Otocinclus cocama

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Retired Staff
Apr 8, 2009
Name: Otocinclus cocama

Common Names: Zebra Otocinclus.

Location: South America: Lower Ucayali and Marañon Rivers, Peru.



An active, peaceful and harmless community fish that should be kept in a group: at least 5-6 specimen, but better is 10 fish or more. The tank should be densely planted with large-leafed plants, smooth rocks, bog wood, to provide hiding places as well as submerged surfaces on which algae can grow. The substrate should be a layer of fine, smooth gravel, to avoid damage to the mouth when its fouraging on the bottom. Unlike many other Otocinclus species, the Zebra Oto doesn't seem to like fast-flowing water that much.

Sexing and Breeding:

This little catfish is often kept as a tank "de-algaefier", because of its supposed appetite for any kind of algae. But unlike many of its close relatives, this species is believed to have more of a preference for meaty foods, although in the end it is an omnivorous fish. Once acclimatized, it will happily accept algae/spirulina tablets and vegetables like cucumber, zucchini, eggplant, lettuce and preboiled spinach, as well as meaty foods such as carnivore pellets, tubifex and mosquito larvae.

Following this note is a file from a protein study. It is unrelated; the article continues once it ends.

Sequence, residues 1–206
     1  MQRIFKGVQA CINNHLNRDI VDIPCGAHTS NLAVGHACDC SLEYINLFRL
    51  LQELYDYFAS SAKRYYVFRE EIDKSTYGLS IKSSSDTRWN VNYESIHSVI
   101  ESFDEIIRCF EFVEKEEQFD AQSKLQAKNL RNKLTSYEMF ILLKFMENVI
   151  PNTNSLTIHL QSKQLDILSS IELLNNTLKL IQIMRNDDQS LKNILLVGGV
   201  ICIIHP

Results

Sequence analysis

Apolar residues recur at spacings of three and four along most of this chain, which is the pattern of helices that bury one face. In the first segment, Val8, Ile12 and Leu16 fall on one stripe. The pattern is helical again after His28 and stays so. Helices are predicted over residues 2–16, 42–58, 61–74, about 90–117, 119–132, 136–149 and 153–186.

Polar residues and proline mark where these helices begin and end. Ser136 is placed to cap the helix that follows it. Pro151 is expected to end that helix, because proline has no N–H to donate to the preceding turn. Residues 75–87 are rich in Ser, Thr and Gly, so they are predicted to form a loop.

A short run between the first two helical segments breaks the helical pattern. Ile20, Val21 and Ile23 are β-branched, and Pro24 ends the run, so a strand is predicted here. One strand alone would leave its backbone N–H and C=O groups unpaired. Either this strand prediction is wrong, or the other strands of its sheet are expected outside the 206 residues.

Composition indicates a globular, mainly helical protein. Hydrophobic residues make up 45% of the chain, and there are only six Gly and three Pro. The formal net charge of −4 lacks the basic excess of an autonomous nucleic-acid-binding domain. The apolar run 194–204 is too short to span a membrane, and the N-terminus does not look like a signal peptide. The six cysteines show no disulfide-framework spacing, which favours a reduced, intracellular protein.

Water parameters:
Temp 20-28 PH 5.5-7.5
An aquarium of 24" (60cm.) in length is sufficient to provide a small shoal of these active, playful catfish ample space to thrive. A densely planted tank is preferred, so the little fish can hide and feel secure, especially when they share their tank with larger or more active fish. To accommodate a sustained algae growth, bright lights or a sunny place for the fish tank is recommended.
Optimal conditions are soft, slightly acidic water, achievable by filtering over peat or by the use of Black Water Extract. But they will do well in harder, more alkaline water as well.

Max Size:
4cm. (1,75").

Bred by:

Additional Comments:

This species was first introduced in Europe in 2001, where it was initially labelled as Otocinclus sp. "Zebra". In 2004 it was scientifically described as Otocinclus cocama, but it still is quite a rare appearance, with a price tag to match (average price mid-2005 is around 15-20 euro's).

Like most other Otocinclus species, the first couple of weeks in captivity are critical, and many perish during this first period. Key is proper (ie. slow) acclimatisation, a stressfree environment and a good diet (since all specimen are wild-caught, many specimen arrive malnourished). Close observation during this initial phase is recommended.

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